Kurt Eisner

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Kurt Eisner
Kurt Eisner.jpg
Minister President of Bavaria
In office
November 8, 1918 – February 21, 1919
Preceded byOtto Ritter von Dandl
Succeeded byJohannes Hoffmann
Head of State of Bavaria
In office
Personal details
Born(1867-05-14)14 May 1867
Berlin, Kingdom of Prussia
Died21 February 1919(1919-02-21) (aged 51)
Munich, Weimar Republic
Political partyIndependent Social Democratic Party of Germany

Kurt Eisner (German pronunciation: [kʊɐ̯t ˈʔaɪ̯snɐ]; May 14, 1867 – February 21, 1919)[1] was a politician, revolutionary, journalist, and theatre critic from Germany. As a socialist journalist, he organized the Socialist Revolution that overthrew the Wittelsbach monarchy in Bavaria in November 1918 which led to him being described as "the symbol of the Bavarian revolution".[2][1] He is used as an example of charismatic authority by Max Weber.[3] Eisner subsequently proclaimed the People's State of Bavaria but was assassinated by German nationalist Anton Graf von Arco auf Valley in Munich on February 21, 1919.


Kurt Eisner was born in Berlin on May 14, 1867, to Emanuel Eisner and Hedwig Levenstein, both Jewish. Newspaper reports of his death identify him as being born in the Kingdom of Galicia.[4] From 1892 to 1917 he was married to painter Elisabeth Hendrich with whom he had five children. After they divorced Eisner married Elise Belli, an editor. With her, he had two daughters.

Eisner studied philosophy, but then became a journalist in Marburg. From 1890 to 1895, he was contributing editor of the Frankfurter Zeitung, during which time he wrote an article attacking Kaiser Wilhelm II, and for which he spent nine months in prison.[5] Eisner was always an open republican as well as a Social-Democrat, joining the SPD in 1898, although for tactical reasons, German Social-Democracy, particularly in its later stages, rather cold-shouldered anything in the shape of republican propaganda as unnecessary and included in general Social-Democratic aims. Consequently, he fought actively for political democracy as well as Social-Democracy. He became editor of Vorwärts after the death of Wilhelm Liebknecht in 1900, but in 1905 was called upon to resign by a majority of the editorial board, which favored more orthodox Marxists.[6] After that, his activities were confined in the main to Bavaria, though he toured other parts of Germany.[7][8] He was chief editor of the Fränkische Tagespost in Nuremberg from 1907 to 1910, and afterward became a freelance journalist in Munich.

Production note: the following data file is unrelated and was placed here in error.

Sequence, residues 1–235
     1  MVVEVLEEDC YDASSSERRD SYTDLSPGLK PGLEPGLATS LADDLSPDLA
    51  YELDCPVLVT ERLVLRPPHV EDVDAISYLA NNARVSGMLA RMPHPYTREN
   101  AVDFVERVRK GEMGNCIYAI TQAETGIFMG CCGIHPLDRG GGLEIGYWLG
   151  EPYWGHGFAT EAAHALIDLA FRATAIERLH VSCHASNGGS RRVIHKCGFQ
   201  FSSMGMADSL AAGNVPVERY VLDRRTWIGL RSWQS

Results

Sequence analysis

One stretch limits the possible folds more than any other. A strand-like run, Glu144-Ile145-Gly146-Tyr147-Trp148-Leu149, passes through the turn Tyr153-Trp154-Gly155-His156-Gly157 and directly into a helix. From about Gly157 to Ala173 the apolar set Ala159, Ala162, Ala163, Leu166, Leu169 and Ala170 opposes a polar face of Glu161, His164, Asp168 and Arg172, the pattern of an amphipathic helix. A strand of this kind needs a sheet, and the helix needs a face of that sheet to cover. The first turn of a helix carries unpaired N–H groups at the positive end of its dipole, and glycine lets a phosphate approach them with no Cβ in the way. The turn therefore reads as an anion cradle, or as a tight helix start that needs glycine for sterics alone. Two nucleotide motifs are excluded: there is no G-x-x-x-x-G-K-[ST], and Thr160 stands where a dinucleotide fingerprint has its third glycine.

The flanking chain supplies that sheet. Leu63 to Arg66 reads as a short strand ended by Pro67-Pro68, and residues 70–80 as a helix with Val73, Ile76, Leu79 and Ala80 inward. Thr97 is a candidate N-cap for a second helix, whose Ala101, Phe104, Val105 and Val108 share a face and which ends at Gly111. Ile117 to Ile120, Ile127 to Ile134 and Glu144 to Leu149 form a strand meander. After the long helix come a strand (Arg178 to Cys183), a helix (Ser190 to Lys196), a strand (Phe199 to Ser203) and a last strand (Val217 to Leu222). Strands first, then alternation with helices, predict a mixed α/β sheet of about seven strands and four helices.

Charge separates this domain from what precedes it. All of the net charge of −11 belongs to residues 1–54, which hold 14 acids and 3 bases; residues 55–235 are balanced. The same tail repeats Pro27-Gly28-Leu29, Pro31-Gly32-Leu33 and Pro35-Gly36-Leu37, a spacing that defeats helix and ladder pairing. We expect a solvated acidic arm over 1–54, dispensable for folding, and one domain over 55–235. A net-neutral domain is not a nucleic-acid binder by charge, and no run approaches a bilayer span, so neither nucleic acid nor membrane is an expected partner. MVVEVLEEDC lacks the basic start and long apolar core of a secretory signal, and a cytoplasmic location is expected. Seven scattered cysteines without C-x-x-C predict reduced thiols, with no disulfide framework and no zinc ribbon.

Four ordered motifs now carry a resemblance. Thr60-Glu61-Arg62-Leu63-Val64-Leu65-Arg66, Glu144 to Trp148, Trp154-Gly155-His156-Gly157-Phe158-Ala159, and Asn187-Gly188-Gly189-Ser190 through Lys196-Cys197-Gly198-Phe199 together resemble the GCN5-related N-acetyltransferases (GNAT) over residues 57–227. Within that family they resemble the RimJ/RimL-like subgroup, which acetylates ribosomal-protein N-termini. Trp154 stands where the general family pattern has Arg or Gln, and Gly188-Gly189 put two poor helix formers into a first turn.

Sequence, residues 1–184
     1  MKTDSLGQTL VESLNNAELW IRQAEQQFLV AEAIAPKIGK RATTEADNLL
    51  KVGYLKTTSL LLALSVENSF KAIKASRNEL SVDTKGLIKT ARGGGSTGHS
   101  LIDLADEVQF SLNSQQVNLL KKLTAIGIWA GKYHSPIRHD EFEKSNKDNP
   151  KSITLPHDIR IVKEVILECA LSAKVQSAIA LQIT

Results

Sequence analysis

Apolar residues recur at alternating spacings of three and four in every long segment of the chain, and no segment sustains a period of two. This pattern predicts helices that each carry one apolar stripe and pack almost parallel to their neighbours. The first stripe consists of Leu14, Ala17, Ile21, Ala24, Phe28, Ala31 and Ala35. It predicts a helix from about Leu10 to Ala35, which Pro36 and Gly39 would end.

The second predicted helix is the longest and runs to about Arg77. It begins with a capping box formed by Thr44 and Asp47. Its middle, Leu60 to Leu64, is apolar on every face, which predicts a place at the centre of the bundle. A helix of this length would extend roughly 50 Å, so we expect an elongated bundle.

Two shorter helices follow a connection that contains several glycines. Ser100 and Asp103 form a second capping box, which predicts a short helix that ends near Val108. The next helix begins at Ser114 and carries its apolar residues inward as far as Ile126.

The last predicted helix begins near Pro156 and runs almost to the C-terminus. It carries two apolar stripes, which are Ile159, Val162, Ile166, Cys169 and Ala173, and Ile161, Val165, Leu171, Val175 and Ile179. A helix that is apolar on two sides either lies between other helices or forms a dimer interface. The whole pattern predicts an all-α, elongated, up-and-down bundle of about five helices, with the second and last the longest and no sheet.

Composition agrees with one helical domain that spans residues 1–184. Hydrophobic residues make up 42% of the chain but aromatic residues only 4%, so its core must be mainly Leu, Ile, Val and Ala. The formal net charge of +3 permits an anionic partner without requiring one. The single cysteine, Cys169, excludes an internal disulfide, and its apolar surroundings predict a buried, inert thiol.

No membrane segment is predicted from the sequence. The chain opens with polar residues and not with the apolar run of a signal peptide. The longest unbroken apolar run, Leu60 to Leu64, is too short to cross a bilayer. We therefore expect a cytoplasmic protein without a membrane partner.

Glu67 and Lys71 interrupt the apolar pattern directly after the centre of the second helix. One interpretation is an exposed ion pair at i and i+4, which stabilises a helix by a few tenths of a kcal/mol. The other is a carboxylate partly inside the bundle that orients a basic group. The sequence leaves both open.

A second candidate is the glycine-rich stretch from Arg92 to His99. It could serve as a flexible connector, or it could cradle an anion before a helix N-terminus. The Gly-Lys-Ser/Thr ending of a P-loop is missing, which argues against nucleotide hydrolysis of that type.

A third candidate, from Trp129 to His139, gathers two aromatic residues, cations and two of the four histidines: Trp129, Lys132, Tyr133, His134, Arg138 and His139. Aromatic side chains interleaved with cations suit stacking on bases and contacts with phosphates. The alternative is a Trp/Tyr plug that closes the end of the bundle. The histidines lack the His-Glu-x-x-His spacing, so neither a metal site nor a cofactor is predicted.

Eisner joined the Independent Social Democratic Party of Germany in 1917, at the height of World War I, and was convicted of treason in 1918 for his role in inciting a strike of munitions workers. He spent nine months in Cell 70 of Stadelheim Prison, but was released during the General Amnesty in October of that year.[9]

After his release from prison, Eisner organized the revolution that overthrew the monarchy in Bavaria (see German Revolution). He declared Bavaria to be a free state and republic, the People's State of Bavaria, on 8 November 1918, becoming the first republican premier of Bavaria. On 23 November 1918, he leaked documents from the Bavarian plenipotentiary in Berlin during July and August 1914 that he thought proved that the war was caused by "a small horde of mad Prussian military" men as well as "allied" industrialists, capitalists, politicians, and princes.[10] At the Berne Conference of Socialists held in Berne, Switzerland, he attacked moderate German socialists for their refusal to acknowledge Germany's part in bringing about World War I. For that speech, and for his uncompromising hostility to Prussia, he became bitterly hated by large sections of the German people.[5]